The wheat seeds “Jingdong No. 8″ and pea seeds “2185″ were supplied by the Beijing Agriculture Scientific Institute and the Seed Farm of Luancheng County in Hebei Province, respectively. “Jingdong No. 8″ is a conventional strain, which has been planted on a large scale in the Beijing area for eight to nine years. Both peas and wheat are very strict self-pollinators, so their genomes should be uniform.

Qi Treatment

Twenty wheat or pea seeds were placed into a small mortar, and after some water was added they were treated by Chulin Sun for at least 20 min. The seeds of the corresponding control groups germinated naturally in an incubator a week before at 23 [degrees] C and then at 9 [degrees] C to retard their growth once the lengths of their shoots and roots were deemed suitable.

DNA Extraction

Small amounts of DNA were prepared using phenol:chloroform extraction. Two hundred mg of shoot and root with the same length from both the treated and their corresponding control groups of seeds were cut into segments of 0.5 cm each. 400 [micro]l of grind buffer [which contained 5% sucrose (w/v), 250 mM NaCl, 50 mM EDTA, 50 mM Tris-HCl (pH 7.5)] was added to the mortars, and the tissues were finely ground. This material was transferred to 1.5 ml Ependorff tubes with pipettes. The mortars were washed with 400 [micro]l of the buffer and the material was transferred to the corresponding tube. The tubes were centrifuged at 5000 rpm for 2 min, and the supernatant discarded. Four hundred [micro]l of suspension buffer [which consisted of 0.5% SDS (w/v), 250 mM NaCl, 25 mM EDTA, 250 mM Tris-HCl (pH 8.0)] was added to the sediments and mixed. DNA was extracted with an equal volume of phenol:chloroform:isopentanol (25:24:1) after incubation at 70 [degrees] C for 20 min. A volume of isopropanol equal to 2/3 of that originally present was added to the supernatant to precipitate the DNA. This was centrifuged at 14000 rpm for 5 min and then washed with alcohol. The DNA was dissolved in 50 [micro]l 1 x TE after vacuum desiccation and diluted 40 times when amplification was to be performed.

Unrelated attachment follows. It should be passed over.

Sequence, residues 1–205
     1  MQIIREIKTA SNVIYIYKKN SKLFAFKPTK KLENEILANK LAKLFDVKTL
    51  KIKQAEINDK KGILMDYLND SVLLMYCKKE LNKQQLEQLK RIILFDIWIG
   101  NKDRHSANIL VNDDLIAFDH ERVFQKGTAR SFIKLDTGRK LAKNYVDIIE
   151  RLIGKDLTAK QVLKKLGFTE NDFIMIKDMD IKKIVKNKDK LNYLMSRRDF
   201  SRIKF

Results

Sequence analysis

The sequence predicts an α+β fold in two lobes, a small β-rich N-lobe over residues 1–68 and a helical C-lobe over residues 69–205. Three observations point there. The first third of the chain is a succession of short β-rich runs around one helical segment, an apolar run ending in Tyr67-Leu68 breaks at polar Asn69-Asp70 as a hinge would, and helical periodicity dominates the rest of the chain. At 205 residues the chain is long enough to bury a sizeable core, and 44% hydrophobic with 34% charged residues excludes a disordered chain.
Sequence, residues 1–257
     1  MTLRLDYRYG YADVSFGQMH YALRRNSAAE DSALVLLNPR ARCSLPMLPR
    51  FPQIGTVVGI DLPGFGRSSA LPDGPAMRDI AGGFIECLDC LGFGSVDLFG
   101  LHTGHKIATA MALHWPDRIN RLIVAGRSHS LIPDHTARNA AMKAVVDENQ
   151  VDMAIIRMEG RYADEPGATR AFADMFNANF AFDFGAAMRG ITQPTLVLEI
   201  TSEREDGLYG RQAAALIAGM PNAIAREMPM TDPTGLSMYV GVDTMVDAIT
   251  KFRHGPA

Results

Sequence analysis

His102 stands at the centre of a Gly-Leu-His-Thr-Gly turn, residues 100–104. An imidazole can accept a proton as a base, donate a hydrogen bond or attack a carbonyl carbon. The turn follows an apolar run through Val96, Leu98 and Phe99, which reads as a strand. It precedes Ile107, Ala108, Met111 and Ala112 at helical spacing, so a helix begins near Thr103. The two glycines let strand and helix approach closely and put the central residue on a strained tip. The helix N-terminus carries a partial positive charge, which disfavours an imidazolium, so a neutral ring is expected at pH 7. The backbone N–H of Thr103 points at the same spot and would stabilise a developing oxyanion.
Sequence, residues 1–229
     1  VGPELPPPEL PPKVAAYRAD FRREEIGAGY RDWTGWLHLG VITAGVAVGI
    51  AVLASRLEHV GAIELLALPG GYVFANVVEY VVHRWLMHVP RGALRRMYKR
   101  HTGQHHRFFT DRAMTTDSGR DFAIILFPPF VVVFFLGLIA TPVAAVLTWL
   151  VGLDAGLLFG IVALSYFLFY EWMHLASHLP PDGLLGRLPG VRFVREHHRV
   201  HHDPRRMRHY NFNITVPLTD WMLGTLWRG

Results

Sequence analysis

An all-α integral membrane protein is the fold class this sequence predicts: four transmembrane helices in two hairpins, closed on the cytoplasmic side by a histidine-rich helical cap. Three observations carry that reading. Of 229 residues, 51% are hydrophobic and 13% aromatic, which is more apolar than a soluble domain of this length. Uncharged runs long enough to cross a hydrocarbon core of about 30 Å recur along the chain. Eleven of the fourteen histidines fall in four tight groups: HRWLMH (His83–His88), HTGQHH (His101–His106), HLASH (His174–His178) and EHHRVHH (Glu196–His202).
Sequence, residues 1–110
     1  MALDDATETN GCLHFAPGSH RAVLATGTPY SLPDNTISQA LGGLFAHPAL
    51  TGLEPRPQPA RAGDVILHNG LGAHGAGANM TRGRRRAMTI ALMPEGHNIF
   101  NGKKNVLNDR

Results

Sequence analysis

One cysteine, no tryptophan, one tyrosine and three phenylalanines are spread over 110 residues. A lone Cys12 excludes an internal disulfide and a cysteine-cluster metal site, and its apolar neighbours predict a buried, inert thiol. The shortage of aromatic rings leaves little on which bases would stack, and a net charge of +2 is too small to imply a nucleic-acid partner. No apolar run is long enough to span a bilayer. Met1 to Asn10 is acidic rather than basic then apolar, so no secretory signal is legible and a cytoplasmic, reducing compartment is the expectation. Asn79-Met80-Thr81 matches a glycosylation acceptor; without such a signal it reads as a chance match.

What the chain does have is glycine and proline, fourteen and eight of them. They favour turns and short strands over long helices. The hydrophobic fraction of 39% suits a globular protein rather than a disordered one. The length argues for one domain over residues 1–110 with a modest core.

Polymerase Chain Reaction (PCR)

Eleven 10mer primers from kits (OPE, OPF, OPG, OPJ, OPP, OPT) supplied by Operon (Alameda, CA, USA) were selected. The experiments were conducted as described by Williams et al. (1990) and Welsh et al. (1990) with some modifications. Primer pairs were enzymatically amplified from 10-50 ng of wheat or pea DNA in a 20 [micro]l reaction. Reactions contained 10 mM Tris-HCl, 50 mM KCl, 1.5 mM Mg[Cl.sub.2], 0.001% glutin, 0.1 mM of each nucleotide, 0.2 [micro]M random primer and 1 U Taq polymerase. PCR amplification was performed in a PTC-100[TM] DNA amplifier, with a 1.5 min initial denaturation (94 [degrees]), followed by 40 cycles of 45 seconds denaturation (94 [degrees] C), 45 seconds annealing (36 [degrees] C) and extension for 2 min (72 [degrees] C). After completion of the 40 cycles, there was a final extension for 4 min (72 [degrees] C), and the PCR products were then horizontal gel electrophoresised (HGE) on 1.4% agarose gel, stained with ethidium bromide, visualized with ultraviolet light and photographed. The RAPD experiment was repeated three times, yielding the same results each time